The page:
NXT Logo
(WWE Network)

My first memories of professional wrestling are probably similar to most guys my age. I clearly remember staying up late on Saturday nights to watch WWF’s Saturday Night’s Main Event on NBC. I don’t remember the first match I ever saw, but I imagine the ubiquitous WWF brand being found all over mid 1980s culture had something to do with it. At some point in late 1986 my Dad took me to my first live event. A few years later, I went to my first TV taping, a Saturday Night’s Main Event that is now available on the WWE Network.

As the 1990s began, I stopped following WWF as closely, and eventually moved on to other things. Judging from the amount of writing that exists about the early to mid 1990s, I didn’t miss all that much. The late 1990s found me in college, working at the campus radio station. WWF RAW was appearing on our campus (1998 RAW episodes are not available on the WWE Network yet, or I’d link to that show too). I got myself a free ticket to the event and found myself hooked on pro wrestling again. WWF was in full on “Attitude Era” mode and I watched religiously all of the way through the “Monday Night Wars“.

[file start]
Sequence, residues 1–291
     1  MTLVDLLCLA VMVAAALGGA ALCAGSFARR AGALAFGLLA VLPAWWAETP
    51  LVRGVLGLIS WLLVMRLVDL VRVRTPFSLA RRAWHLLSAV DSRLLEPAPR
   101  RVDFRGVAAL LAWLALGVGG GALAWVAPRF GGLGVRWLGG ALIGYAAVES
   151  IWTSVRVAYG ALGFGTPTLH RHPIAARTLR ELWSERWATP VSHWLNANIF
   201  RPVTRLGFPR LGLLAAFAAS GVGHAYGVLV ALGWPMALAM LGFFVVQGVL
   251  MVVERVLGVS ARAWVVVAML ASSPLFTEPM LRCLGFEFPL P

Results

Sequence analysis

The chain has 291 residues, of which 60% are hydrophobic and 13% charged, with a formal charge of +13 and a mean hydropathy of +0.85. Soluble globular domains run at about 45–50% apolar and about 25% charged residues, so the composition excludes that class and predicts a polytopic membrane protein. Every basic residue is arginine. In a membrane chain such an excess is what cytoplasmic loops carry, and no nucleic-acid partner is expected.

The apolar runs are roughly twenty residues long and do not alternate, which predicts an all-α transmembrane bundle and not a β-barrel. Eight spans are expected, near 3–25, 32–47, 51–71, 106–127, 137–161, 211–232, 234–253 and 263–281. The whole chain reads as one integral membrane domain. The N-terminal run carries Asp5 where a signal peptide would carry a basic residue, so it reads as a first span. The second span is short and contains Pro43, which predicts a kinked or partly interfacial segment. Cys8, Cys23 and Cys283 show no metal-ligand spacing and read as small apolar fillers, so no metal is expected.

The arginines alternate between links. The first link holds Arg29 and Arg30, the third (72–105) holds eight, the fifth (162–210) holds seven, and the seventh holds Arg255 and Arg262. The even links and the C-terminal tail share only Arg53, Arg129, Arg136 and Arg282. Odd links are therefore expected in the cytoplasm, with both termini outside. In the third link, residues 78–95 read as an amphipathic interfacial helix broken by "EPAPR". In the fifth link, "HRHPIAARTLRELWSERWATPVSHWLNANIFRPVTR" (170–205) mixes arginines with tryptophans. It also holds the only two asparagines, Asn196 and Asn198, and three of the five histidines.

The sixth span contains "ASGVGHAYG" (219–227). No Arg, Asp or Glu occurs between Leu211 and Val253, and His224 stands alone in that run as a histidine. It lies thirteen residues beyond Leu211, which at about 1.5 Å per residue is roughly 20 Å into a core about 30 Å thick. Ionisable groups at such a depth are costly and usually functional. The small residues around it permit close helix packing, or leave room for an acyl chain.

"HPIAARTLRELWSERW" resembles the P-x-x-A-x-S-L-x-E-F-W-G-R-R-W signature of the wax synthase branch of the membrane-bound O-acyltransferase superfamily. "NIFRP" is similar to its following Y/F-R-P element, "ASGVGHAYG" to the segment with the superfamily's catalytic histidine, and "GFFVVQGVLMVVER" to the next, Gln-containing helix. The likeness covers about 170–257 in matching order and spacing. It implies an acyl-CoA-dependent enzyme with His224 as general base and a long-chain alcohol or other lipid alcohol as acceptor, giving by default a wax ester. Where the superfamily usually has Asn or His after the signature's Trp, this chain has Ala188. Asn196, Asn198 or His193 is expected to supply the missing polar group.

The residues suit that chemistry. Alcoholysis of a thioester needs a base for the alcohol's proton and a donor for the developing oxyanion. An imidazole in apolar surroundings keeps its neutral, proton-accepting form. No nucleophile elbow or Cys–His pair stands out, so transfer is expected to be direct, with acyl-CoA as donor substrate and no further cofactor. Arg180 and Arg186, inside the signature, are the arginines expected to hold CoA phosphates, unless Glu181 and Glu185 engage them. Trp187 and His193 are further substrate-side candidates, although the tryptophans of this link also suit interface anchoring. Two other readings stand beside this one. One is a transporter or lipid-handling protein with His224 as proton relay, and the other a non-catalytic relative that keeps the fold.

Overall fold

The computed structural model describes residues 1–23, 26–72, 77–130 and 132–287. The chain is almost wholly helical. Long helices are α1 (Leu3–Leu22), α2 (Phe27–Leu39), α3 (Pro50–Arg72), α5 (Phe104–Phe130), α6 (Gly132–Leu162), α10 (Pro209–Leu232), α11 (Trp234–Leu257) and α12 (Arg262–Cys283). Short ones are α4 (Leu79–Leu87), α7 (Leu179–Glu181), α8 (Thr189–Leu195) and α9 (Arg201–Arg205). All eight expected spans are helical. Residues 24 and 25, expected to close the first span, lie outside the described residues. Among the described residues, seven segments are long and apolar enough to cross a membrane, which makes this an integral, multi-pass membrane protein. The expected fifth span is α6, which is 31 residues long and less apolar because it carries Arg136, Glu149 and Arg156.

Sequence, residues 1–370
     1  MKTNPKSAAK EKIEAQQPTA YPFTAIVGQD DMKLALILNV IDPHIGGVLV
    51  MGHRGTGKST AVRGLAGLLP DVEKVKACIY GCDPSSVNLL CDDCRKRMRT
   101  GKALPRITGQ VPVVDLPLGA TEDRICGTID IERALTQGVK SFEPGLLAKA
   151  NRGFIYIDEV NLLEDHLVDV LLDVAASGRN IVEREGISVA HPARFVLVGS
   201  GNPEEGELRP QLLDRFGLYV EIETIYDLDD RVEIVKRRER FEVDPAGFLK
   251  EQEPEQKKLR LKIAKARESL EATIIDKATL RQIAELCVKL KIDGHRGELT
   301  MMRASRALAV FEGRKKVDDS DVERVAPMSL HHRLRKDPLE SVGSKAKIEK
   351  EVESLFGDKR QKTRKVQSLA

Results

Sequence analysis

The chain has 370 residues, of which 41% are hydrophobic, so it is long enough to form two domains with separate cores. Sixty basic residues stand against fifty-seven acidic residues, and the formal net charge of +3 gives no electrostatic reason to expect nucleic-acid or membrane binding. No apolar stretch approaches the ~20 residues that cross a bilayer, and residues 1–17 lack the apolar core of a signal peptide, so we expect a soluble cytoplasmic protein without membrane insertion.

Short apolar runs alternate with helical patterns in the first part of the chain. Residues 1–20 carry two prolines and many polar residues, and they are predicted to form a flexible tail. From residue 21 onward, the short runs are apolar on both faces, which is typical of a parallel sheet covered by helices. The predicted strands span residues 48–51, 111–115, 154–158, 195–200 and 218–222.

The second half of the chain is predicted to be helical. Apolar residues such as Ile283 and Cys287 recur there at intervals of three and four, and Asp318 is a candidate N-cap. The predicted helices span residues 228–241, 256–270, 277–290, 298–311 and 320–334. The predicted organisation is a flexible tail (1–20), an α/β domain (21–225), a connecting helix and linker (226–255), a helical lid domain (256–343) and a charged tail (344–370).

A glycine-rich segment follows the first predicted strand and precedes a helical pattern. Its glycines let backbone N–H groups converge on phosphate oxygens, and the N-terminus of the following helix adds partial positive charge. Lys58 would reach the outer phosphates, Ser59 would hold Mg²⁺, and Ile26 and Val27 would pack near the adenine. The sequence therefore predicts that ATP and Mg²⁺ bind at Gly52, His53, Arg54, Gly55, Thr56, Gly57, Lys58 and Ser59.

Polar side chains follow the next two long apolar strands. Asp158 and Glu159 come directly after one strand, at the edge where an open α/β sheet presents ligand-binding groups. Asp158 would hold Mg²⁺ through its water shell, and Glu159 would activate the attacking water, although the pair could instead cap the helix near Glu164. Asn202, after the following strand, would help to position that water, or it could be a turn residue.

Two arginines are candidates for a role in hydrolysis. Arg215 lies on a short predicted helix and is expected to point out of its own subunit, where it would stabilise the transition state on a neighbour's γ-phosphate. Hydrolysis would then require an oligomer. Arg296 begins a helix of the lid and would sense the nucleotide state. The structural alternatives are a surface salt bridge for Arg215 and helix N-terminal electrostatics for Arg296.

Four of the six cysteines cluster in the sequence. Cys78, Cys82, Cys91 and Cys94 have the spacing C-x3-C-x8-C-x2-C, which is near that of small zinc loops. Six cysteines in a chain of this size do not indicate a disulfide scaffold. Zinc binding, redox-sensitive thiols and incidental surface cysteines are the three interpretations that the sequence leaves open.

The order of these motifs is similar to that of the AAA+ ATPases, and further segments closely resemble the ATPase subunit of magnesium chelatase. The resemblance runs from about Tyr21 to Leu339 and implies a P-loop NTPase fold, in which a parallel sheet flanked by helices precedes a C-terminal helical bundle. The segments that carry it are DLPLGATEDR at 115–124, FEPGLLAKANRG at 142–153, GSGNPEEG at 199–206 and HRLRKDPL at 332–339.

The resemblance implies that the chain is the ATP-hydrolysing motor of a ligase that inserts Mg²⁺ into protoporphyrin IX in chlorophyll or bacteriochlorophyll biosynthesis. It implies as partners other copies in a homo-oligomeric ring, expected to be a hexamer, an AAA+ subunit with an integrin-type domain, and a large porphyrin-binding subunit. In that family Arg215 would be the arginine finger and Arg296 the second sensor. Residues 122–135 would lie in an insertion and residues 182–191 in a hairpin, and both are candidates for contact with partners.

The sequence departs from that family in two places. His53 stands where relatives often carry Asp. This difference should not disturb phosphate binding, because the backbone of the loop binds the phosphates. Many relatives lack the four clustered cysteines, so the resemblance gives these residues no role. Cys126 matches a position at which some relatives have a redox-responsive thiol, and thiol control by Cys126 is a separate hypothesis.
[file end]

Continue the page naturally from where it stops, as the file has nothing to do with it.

Around 2004, life began to get pretty complicated and I started putting almost all of my free time into my music career. Something had to give and that wound up being pro wrestling.

Over a decade passed where I was casually aware of the, at that point, WWE. However, I never found myself catching an episode of RAW or looking to see if any live events were coming to town.

I’m not even sure the reason, but I found myself starting to read a variety of wrestling websites in the build up to WrestleMania 31 in early 2015. Along with starting to familiarize myself with the 2015 main roster talent, I began to hear more and more about WWE’s developmental promotion, NXT. By then, NXT was a WWE Network exclusive show, so, not being a subscriber I never caught an episode. Still, I was pretty intrigued.  The handful of pro wrestling sites I was beginning to follow couldn’t say enough great things about NXT.